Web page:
Research using genetically modified organisms
An overview of working with genetically modified organisms is provided on the website of the Health & Safety Executive.
The use of genetically modified organisms for clinical research on University or Oxford University Hospitals Foundation Trust (OUHFT) premises, usually through preparation and administration of GMO agents to volunteers or patients (and known as Advanced Therapy Medicinal Products (ATMPs)), must be covered by either an approved risk assessment for contained use work, or a licence for deliberate release work. This is in addition to any other permissions required for clinical research.
University researchers working on University premises should contact the appropriate departmental biological safety officer or the University Biological Safety Officer for guidance (see the Safety Office's website for details).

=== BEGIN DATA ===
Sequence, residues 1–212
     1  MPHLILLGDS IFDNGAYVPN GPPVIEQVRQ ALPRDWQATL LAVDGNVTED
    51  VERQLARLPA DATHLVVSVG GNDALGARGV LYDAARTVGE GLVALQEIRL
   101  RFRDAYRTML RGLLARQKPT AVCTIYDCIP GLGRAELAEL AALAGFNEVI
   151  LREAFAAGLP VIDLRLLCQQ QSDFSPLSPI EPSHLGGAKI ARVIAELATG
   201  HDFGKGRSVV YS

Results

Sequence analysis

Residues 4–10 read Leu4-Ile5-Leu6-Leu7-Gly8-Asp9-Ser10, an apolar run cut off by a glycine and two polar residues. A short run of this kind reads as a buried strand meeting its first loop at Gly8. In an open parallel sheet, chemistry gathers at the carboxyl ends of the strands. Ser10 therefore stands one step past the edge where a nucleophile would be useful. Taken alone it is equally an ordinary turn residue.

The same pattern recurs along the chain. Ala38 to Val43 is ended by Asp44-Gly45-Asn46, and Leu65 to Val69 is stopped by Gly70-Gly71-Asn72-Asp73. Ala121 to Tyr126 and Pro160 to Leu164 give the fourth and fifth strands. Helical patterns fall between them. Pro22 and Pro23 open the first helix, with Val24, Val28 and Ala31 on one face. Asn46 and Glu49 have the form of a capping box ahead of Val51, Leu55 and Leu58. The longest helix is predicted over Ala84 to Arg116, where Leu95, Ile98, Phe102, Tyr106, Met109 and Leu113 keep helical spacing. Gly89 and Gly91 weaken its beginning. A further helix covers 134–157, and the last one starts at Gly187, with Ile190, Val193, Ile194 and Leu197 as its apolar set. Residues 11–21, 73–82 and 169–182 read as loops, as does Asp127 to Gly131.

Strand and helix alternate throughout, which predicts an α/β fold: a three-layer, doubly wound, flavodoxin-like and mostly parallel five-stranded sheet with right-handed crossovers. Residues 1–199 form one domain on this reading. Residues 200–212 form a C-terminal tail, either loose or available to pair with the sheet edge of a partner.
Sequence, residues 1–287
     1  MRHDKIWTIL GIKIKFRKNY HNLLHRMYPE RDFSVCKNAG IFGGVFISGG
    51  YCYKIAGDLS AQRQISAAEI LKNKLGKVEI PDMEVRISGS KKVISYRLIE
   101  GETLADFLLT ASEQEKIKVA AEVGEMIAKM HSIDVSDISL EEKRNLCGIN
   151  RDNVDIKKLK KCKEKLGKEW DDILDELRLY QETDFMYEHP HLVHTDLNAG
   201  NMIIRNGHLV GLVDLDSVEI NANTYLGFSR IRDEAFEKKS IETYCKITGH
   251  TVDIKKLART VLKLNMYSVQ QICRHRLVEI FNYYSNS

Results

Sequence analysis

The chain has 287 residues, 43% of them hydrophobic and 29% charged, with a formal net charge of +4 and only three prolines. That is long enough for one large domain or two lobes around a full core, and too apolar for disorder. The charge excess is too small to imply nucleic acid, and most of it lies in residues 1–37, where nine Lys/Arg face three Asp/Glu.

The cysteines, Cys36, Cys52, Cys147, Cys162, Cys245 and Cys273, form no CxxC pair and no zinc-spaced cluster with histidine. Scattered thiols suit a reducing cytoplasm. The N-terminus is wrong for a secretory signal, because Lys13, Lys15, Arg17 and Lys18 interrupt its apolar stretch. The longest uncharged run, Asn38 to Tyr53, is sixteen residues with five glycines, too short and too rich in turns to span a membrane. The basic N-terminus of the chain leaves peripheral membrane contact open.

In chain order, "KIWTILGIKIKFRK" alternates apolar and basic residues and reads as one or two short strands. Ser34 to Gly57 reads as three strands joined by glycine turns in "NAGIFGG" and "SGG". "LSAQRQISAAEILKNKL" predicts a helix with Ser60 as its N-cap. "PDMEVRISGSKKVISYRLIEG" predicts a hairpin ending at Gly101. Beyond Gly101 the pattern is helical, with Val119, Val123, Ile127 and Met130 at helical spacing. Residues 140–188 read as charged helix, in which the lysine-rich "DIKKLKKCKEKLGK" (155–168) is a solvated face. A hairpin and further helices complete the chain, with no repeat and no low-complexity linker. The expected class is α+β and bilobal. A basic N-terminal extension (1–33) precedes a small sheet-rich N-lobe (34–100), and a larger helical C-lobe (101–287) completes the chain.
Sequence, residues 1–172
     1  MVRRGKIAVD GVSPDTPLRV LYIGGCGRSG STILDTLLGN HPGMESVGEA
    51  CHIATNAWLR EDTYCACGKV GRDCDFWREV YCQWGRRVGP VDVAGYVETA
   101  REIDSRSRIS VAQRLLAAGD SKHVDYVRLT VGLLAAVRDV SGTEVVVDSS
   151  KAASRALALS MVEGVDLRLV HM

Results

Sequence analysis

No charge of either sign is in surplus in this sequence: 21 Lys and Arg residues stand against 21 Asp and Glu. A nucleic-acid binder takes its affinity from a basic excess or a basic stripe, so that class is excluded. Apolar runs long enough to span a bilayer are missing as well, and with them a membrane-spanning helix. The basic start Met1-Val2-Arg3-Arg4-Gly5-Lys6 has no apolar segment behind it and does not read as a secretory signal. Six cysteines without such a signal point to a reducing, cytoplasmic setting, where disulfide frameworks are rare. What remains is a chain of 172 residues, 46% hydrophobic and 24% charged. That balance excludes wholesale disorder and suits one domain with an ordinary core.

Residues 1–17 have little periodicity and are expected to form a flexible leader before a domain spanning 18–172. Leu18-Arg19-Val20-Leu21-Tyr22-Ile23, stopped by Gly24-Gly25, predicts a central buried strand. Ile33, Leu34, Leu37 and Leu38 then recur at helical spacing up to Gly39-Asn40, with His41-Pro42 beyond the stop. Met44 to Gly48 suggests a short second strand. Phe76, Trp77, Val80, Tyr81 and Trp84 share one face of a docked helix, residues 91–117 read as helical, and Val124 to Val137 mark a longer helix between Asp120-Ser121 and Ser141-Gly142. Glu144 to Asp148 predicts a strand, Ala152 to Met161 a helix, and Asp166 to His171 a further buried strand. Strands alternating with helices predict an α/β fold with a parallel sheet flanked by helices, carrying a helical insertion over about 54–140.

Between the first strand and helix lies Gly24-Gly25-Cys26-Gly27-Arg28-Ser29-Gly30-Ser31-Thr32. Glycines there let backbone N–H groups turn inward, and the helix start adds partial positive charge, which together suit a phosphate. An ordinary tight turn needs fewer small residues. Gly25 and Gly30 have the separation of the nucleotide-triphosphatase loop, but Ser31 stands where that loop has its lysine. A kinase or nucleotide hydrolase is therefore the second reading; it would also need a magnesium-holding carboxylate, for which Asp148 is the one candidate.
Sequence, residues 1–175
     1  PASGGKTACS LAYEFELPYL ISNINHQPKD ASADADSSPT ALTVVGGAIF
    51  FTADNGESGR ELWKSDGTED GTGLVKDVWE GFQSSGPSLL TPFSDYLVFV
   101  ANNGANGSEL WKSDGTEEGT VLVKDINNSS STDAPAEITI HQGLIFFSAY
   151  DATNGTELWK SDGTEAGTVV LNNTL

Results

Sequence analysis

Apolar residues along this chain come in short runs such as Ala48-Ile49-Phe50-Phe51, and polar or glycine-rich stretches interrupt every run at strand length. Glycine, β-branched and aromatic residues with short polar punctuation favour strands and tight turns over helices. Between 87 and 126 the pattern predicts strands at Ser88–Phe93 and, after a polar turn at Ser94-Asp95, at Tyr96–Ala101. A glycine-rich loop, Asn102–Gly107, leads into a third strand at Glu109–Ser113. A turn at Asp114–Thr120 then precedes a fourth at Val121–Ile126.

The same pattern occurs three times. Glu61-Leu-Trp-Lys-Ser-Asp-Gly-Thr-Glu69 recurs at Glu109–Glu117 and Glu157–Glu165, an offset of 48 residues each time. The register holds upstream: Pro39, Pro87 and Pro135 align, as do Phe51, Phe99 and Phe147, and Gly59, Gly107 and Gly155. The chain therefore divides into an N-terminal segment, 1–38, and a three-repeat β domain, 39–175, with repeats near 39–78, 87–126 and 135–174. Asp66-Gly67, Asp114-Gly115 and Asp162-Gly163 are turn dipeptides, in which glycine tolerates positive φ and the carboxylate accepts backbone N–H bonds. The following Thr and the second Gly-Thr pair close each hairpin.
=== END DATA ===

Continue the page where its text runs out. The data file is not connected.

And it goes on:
Clinical research or trials with GMOs on OUHFT premises, or where University research is likely to lead to the admission of volunteers to OUHFT premises and care from clinical staff, must submit a risk assessment to the OUHFT Genetic Modification Safety Committee (GMSC) for review and approval.
Alternatively, the use of GMO-based agent(s) in a multi-site trial may already be covered by a deliberate release (DR) licence awarded to the sponsoring body. Such a DR licence must be submitted to the OUHFT GMSC for review and approval.
Clinicians/researchers should submit completed assessments or copies of deliberate release licences to the chair of the OUHFT GMSC in the first instance, by emailing firstname.lastname@example.org. Where required, advice on classification of a GMO or applying for a deliberate release licence can be given by the University Biological Safety Officer.
Assessments assigning work to a higher risk classification, usually Class 2, must be notified to the Health & Safety Executive. This will be undertaken by the University BSO in parallel with approval from the OUHT GMSC and/or departmental GMSC. Deliberate release licences are granted by DEFRA and may take up to six months to obtain. Both notifications and licence applications incur fees.